South Sudan Resumes Pumping 20,000 Bpd From Oilfield Suspended Since 2013
KHARTOUM, Aug 27 (Reuters) - South Sudan has resumed pumping 20,000 barrels per day (bpd) of crude from the Toma South oilfield, where production had been suspended since 2013, the Sudanese oil minister Azhari Abdulqader said. Production at five of the previously suspended oilfields was expected to reach 80,000 bpd after maintenance work is completed by the end of the year, Abdulqader told a news conference in Khartoum.
South Sudan's oil output currently stands at 130,000 bpd and is expected to reach 210,000 bpd by year-end, he added.
South Sudan seceded from Sudan in 2011 when output peaked at 350,000 bpd but two years later plunged into civil war. At the time fighting started, production was at about 245,000 barrels per day.
The conflict has killed tens of thousands, displaced an estimated quarter of South Sudan's population of 12 million and ruined its economy that heavily relies on crude oil production.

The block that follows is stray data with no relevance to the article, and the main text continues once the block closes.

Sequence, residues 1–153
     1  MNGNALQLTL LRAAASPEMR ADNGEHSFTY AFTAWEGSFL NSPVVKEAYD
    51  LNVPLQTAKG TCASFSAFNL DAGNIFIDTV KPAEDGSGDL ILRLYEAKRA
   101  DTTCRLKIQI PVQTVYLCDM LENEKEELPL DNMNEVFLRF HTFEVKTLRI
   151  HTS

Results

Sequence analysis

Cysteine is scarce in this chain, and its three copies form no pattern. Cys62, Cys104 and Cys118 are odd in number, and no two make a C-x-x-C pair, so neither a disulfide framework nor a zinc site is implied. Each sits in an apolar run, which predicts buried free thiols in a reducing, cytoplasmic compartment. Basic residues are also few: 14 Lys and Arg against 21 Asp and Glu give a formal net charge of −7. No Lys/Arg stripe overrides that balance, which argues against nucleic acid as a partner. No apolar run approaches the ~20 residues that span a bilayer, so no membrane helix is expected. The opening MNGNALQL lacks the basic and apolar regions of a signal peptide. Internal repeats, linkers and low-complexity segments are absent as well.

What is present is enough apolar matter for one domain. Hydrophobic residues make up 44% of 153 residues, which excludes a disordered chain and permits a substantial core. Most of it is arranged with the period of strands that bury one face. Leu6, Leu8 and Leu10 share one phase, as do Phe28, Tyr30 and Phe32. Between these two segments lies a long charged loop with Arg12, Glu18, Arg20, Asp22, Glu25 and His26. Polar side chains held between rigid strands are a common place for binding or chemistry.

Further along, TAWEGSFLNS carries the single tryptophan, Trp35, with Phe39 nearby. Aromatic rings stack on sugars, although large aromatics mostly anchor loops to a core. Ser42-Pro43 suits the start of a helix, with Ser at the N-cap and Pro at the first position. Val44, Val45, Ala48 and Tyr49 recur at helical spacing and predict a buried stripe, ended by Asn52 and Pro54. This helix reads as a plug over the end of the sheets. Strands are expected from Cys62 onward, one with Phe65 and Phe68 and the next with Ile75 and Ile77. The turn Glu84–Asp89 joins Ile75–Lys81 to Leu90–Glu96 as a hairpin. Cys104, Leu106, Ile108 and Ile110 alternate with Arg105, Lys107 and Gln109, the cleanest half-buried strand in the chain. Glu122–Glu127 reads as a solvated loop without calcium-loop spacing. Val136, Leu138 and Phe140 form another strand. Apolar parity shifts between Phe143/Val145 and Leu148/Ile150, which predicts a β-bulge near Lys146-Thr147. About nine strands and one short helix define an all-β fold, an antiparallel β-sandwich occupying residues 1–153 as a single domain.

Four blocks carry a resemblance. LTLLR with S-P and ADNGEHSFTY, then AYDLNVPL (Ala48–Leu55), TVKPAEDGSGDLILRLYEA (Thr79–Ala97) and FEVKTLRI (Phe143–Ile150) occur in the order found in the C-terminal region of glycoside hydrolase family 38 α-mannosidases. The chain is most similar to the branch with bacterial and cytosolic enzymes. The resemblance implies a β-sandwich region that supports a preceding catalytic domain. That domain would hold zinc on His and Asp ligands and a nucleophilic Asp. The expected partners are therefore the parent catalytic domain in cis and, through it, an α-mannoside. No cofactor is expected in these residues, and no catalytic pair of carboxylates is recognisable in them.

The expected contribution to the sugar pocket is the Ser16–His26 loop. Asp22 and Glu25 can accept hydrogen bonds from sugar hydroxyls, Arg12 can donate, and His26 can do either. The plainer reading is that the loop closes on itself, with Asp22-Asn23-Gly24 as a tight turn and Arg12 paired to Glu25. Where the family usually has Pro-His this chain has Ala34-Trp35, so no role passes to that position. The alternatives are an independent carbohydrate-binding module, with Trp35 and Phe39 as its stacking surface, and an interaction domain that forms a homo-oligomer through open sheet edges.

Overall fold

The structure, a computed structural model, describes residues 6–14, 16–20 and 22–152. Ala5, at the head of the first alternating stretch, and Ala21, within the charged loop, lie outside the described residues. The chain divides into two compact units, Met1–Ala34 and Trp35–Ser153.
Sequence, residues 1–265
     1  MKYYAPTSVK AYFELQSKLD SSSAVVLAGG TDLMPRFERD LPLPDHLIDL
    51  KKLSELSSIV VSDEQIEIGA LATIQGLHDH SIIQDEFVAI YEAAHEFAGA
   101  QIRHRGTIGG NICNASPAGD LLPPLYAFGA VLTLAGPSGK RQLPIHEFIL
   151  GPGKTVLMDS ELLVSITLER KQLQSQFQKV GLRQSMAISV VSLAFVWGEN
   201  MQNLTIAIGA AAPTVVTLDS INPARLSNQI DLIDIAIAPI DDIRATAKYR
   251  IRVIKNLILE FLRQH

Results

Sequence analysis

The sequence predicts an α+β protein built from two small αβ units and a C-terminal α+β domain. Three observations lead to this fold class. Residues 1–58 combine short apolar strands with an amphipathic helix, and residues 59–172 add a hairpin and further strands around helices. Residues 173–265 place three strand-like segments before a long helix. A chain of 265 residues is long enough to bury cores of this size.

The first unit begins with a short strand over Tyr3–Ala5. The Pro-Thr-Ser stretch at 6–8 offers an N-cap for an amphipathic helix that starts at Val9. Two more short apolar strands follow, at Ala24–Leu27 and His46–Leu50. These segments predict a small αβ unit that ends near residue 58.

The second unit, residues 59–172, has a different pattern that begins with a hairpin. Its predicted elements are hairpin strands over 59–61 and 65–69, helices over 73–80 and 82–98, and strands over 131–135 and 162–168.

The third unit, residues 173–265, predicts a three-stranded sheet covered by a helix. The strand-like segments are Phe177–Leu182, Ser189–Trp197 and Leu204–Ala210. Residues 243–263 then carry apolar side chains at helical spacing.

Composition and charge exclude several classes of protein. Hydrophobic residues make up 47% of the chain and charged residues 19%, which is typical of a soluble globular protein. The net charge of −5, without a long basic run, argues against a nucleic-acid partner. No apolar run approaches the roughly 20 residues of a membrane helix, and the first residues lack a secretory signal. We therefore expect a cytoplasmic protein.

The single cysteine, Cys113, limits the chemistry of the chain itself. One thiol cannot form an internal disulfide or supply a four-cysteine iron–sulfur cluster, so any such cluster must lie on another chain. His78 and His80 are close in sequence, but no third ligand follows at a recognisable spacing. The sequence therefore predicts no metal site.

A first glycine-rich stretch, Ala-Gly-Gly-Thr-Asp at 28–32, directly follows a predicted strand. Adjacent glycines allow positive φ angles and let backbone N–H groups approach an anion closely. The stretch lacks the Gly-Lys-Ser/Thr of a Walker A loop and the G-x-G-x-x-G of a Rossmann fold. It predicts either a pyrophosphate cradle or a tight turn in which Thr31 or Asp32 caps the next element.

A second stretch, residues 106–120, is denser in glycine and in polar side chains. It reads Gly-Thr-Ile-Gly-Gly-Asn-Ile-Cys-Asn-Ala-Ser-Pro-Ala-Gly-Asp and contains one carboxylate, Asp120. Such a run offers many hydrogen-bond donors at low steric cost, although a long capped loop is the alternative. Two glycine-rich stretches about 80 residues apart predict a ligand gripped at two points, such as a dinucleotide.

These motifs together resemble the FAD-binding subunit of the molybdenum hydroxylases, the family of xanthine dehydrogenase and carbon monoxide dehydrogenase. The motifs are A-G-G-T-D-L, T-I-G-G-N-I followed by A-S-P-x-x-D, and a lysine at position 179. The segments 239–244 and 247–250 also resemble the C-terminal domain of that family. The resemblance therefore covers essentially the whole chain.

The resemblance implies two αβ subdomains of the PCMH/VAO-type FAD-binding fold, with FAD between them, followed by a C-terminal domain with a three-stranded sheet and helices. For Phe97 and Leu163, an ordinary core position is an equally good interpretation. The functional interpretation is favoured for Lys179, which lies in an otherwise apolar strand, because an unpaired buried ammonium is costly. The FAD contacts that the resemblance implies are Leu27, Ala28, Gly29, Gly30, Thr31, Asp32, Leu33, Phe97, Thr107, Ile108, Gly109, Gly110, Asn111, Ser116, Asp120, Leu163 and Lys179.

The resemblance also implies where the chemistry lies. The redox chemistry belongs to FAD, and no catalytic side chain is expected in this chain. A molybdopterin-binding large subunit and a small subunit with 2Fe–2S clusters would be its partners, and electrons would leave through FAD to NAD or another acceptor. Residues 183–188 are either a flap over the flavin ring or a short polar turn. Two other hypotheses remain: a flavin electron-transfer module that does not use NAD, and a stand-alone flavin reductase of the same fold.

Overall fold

South Sudan's oil is shipped to international markets via a pipeline through Sudan.
The area in which Toma South oilfields lie saw the most intense fighting between rebels and government troops, damaging oil production facilities.
During a visit on Saturday to Toma South, some 20 miles to the border with Sudan, Ezekiel Lol Gatkuoth, South Sudan's Oil Minister, said the resumption of production in blocks 1, 2 and 4, will bring an additional output of 45,000 barrels per day.
He said the operator of the fields, Greater Nile Petroleum Operation Company, and staff from his ministry were working to ensure full production.
"They will be here in Toma South working seven days a week, 24 hours a day to make sure that the production is not interrupted and also to make sure the central processing facility is operational," Gatkuoth said.
The return to production and pumping is part of a cease fire and power-sharing agreement that was reached earlier this month when President Salva Kiir, rebel leader Riek Machar and other rebel groups signed a peace deal meant to end the civil war. "I can tell everyone, the production can be more if peace is there and if we are determined to nourished it," Abdulqader said.
(Reporting by Khalid Abdelziz, Additional reporting by Denis Dumo; writing by Sami Aboudi and George Obulutsa)
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